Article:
In Bell Lawyers Pty Ltd v Pentelow (“Bell”)1 the High Court of Australia has determined that solicitors and barristers who represent themselves in court are not able to recover their own professional costs for that work.

This ruling is in keeping with the general rule that self-represented litigants cannot recover the costs of their time in litigation. However, under the long-standing ‘Chorley exception’ to the general rule, solicitors had previously been treated as entitled to those costs. In issue before the High Court was whether the Chorley exception should be extended to cover barristers, on which there was mixed authority. The High Court not only declined to recognise the Chorley exception as applicable to barristers, but determined that the Chorley exception is an affront to equality before the law and is not part of the common law of Australia.

The precise practical ramifications of this decision, particularly in relation to ‘one person’ incorporated legal practices is yet to be determined, and it remains to be seen whether legislative clarification will be forthcoming. As canvassed by their Honours, courts and legislatures in various common law jurisdictions have taken different approaches to balancing the various interests arising from the general rule and the Chorley exception,2 illustrating the potential range of policy options in this area.

The Court has also emphasised that costs are awarded as an indemnity for professional legal services, and made observations about the professional conduct expected of its officers – providing impartial and independent advice, and a measure of objectivity. The more that any in-house/employed solicitor can demonstrate that their professional services bear these hallmarks – for example documentary practices demonstrating the independence of advice from commercial concerns – the more likely it would appear that such costs would be recoverable.

Background3

The appellant in Bell was an incorporated legal practice that had retained the respondent, a barrister, for professional legal services. A dispute regarding the respondent barrister’s fees arose, and only a portion was paid. The respondent brought proceedings seeking payment of the balance of her fees (the Fees Proceedings), and was ultimately successful. As a result, the appellant was ordered to pay the respondent’s costs of the Fees Proceedings.

In the Fees Proceedings, the respondent barrister was legally represented but had undertaken preparatory work herself, including preparing/reviewing written submissions and advising her senior counsel. She had also attended court on occasion. These costs were included in her memorandum of costs claimed against the appellant.

The appellant refused to pay costs claimed for the work the respondent herself had undertaken in the Fees Proceedings, and applied for the respondent’s claimed costs to be assessed. The costs assessor rejected the respondent’s claim for the costs of her own work, including on the basis that in New South Wales the Chorley exception did not extend to barristers. The assessor’s decision was affirmed by a Review Panel.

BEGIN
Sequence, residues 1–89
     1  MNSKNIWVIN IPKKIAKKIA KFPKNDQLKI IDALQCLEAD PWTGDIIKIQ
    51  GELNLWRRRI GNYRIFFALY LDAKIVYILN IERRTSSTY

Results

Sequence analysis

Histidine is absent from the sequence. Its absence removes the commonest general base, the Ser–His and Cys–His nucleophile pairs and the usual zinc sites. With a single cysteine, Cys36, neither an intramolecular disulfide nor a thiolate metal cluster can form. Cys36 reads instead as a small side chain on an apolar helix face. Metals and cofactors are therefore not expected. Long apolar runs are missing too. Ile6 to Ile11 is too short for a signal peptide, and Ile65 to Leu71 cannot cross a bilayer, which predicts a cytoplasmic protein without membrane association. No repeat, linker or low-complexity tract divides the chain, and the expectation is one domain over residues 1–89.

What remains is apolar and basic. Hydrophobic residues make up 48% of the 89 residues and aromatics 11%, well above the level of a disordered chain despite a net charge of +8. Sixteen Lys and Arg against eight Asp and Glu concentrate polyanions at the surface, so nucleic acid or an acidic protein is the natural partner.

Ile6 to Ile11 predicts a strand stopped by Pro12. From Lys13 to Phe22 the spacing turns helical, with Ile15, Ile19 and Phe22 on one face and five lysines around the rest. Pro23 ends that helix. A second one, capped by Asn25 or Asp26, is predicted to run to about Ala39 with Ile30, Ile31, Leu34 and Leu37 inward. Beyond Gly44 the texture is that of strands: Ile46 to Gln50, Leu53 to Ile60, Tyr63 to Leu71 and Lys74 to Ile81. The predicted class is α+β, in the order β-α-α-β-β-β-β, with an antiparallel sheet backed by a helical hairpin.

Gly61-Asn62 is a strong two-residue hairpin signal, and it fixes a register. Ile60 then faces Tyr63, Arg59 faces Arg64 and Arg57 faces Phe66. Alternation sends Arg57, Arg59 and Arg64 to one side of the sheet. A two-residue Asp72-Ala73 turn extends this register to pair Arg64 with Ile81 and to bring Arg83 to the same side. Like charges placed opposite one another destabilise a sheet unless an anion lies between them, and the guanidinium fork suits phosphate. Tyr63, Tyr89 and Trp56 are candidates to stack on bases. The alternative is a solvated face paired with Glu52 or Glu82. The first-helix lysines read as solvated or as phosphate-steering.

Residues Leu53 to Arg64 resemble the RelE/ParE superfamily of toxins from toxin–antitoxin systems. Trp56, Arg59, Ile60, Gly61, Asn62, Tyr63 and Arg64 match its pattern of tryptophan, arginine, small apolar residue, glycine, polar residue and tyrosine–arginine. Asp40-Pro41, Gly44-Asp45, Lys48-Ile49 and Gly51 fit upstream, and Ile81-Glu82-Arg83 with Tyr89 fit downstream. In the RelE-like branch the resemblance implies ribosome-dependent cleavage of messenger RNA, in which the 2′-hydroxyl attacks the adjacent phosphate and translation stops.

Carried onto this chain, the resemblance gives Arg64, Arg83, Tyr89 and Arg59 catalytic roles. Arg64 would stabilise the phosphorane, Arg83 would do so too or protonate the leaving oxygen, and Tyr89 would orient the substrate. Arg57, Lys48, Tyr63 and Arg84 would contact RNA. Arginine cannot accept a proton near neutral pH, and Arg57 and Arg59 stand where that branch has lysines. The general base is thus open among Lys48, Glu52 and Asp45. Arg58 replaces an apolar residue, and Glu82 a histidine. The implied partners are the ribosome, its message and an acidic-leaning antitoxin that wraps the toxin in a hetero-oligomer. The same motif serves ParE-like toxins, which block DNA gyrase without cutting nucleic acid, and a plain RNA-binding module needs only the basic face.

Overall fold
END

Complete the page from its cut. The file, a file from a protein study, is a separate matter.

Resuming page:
The respondent unsuccessfully appealed the Review Panel’s decision to the New South Wales District Court, and then sought judicial review of the District Court decision in the Court of Appeal.

The Court of Appeal noted the District Court’s finding (not amenable to review) that the respondent was a “self-represented” litigant, and focused on the question of whether the Chorley exception applied to the respondent, as a barrister, in circumstances where she had undertaken legal work in litigation in which she was represented.4 The applicability of the Chorley exception to barristers had not been determined by the High Court or an intermediate appellate Court.5 The Court of Appeal held by majority that the respondent could rely on the Chorley exception “for the same reason as a solicitor is so entitled, namely, that her costs were quantifiable by the same processes as solicitors’ costs”.6

It was on this basis that the appellant appealed to the High Court.

The Chorley exception

As noted above, the general rule is that self-represented litigants cannot recover costs for the value of their time spent in litigation.7 The basis for this rule is that “costs are awarded by way of…partial indemnity…for professional legal costs actually incurred in the conduct of litigation … [they are not] … comprehensive compensation for any loss suffered by a litigant.”8 Nor are they a reward for successful litigation. This principle had long underpinned the interpretation of statutory provisions empowering the award of costs.9

The Court of Appeal of England and Wales in London Scottish Benefit Society v Chorley had authoritatively established, as an exception to the general rule, that solicitors could recover the costs of their own time.10 The apparent bases for this exception included the view that solicitors should not be encouraged to employ another solicitor to do legal work they could themselves do (and that it would be absurd for costs to be recoverable in the former situation but not the latter); as well as the idea that the value of solicitors’ time was capable of being measured in a way that the value of a lay-person’s time could not be.11

The High Court’s reasoning

While the High Court was unanimous in allowing the appeal, four sets of reasons were given: in the plurality judgment of Kiefel CJ, Bell, Keane and Gordon JJ; and separate judgments of Gageler J, Nettle J, and Edelman J. While Gageler J and Edelman J stated their agreement that the Chorley exception should be “abandoned” or “is not part of Australian law”,12 Nettle J agreed with the orders “for the reason only that the Chorley exception should not be extended to barristers”.13 This paper focusses on the majority reasoning of the joint judgment.